I tried this way, but it returns me the wrong count:

myArr = [];
myArr[666] = 'hello there';
console.log(myArr.length); // returns me 667

It should be 1. How can I have the good count in the fastest way?


It should be 1.

No, it should be 667, because that's how length is defined for standard arrays in JavaScript, which aren't really arrays at all. Arrays in JavaScript are inherently sparse, meaning they can have holes in them (indexes where no value of any kind is stored).

How can I have the good count in the fastest way?

The only way is by looping. For instance:

var count = 0;
myArr.forEach(function() {

...or via reduce as in maček's answer. forEach, reduce, and other such only visit entries that actually exist, so they skip the holes in sparse arrays.

I should mention that since IE8 still (sigh) has a fair bit of market share, you need to shim forEach and reduce and such on it if you want to use them. (Which is easy.)

To do this without any shimming, and only count actual index properties (not other kinds of properties), then loosely:

var count = 0, name;
for (name in myArr) {
    if (myArr.hasOwnProperty(name) && /^[0-9]+$/.test(name)) {

That uses a slightly loose definition of what an index property name is; if you want a robust one, see the "Use for-in correctly" part of this answer.

  • 1
    we're on the same page, but a reduce is probably a little cleaner – maček Aug 7 '15 at 16:31
  • No prob. +1 for providing extra education. – maček Aug 7 '15 at 16:35
  • If you want a fast way reduce is not an option – David Gomez Aug 7 '15 at 17:47
  • @DaveGomez: reduce isn't slow. If you're worried about the cost of the function calls, don't be. – T.J. Crowder Aug 7 '15 at 17:49
  • 1
    @DaveGomez: Repeating "it's slow" doesn't make it true. filter's not going to be any faster -- my guess would be slower, if anything, on an array of any size, since pushing entries into an array is slower than adding one to a value. Also causes more memory-churn (the temporary array). – T.J. Crowder Aug 7 '15 at 17:59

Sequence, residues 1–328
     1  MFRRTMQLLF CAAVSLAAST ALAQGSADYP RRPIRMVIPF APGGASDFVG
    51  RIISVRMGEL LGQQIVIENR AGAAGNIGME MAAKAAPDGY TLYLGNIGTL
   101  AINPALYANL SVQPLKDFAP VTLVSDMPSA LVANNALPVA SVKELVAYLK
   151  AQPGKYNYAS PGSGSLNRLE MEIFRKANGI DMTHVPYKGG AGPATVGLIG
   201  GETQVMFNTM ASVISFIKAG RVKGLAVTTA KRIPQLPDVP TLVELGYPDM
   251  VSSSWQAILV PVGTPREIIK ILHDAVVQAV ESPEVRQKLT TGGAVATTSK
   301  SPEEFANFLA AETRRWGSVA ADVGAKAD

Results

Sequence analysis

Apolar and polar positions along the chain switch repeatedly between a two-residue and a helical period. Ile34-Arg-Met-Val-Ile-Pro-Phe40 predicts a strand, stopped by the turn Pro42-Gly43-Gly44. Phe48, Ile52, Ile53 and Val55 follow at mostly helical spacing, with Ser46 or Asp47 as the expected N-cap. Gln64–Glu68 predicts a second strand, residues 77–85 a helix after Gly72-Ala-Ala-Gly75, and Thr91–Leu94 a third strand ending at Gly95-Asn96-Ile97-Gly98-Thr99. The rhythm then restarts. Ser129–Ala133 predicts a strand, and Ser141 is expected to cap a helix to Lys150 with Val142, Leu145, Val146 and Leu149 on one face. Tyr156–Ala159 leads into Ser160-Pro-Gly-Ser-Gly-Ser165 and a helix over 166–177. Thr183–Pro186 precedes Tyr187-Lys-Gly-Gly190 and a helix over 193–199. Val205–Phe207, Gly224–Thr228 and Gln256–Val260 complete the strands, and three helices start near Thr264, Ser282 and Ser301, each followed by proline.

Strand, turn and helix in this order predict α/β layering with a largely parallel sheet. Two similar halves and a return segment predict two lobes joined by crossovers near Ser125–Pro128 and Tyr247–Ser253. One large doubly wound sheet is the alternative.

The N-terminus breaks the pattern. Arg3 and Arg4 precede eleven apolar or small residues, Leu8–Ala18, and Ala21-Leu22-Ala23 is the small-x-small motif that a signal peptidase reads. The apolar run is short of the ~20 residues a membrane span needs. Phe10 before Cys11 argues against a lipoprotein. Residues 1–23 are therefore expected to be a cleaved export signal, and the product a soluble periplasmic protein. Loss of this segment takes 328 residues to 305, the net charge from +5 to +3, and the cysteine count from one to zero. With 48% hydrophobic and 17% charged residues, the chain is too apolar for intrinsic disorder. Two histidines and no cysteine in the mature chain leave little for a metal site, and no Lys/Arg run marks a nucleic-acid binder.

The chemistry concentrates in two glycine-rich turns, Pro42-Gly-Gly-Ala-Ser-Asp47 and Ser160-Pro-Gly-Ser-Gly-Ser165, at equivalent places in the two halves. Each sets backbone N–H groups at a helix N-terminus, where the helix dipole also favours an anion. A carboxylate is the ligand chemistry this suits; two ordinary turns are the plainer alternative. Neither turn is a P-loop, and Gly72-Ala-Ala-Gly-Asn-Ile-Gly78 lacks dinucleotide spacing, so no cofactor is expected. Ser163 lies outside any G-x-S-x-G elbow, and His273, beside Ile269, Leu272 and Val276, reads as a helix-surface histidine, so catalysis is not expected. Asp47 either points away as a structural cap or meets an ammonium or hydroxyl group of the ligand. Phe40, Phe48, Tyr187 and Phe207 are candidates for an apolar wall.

You can count the number of non-undefined properties using a reduce

var length = myArr.reduce(function(len) { return len+1; }, 0);
console.log(length); // 1
  • I wonder what DaveGomez finds unreadable about this. This is perfect. – canon Aug 7 '15 at 20:03
  • 1
    @canon yeah you gotta take everything with a grain of salt on here. Some people don't know what they're talking about. I don't claim to know everything, but I try to avoid providing answers that lack a degree of certainty. – maček Aug 8 '15 at 4:27

Because arrays are indexed by 0. [0...666] is 667 items. If you actually want a count of how many items you have, an array might not be the best solution.


You can use Object.keys().


From the documentation:

Object.keys returns an array whose elements are strings corresponding to the enumerable properties found directly upon object. The ordering of the properties is the same as that given by looping over the properties of the object manually.

This function is compatible with IE9+. The documentation also contains a funtion that can be added for compatibility in all browsers:

if (!Object.keys) Object.keys = function(o) {
  if (o !== Object(o))
    throw new TypeError('Object.keys called on a non-object');
  var k=[],p;
  for (p in o) if (Object.prototype.hasOwnProperty.call(o,p)) k.push(p);
  return k;
  • 1
    Beware that Object.keys will also include the names non-index enumerable properties, if any exist. – T.J. Crowder Aug 7 '15 at 16:32
  • Warning: Object.keys is not available in IE 8/7/6. – gusper Aug 7 '15 at 16:36
  • 3
    @gusper: It can be shimmed if you're dealing with obsolete browsers. – T.J. Crowder Aug 7 '15 at 16:36
  • @T.J.Crowder True, but could be good to know that it will not work by default. – gusper Aug 7 '15 at 16:38
  • 1
    @gusper I thought I should put is as a possible answer. The full compatibility report can be viewed here. – John Bupit Aug 7 '15 at 16:44

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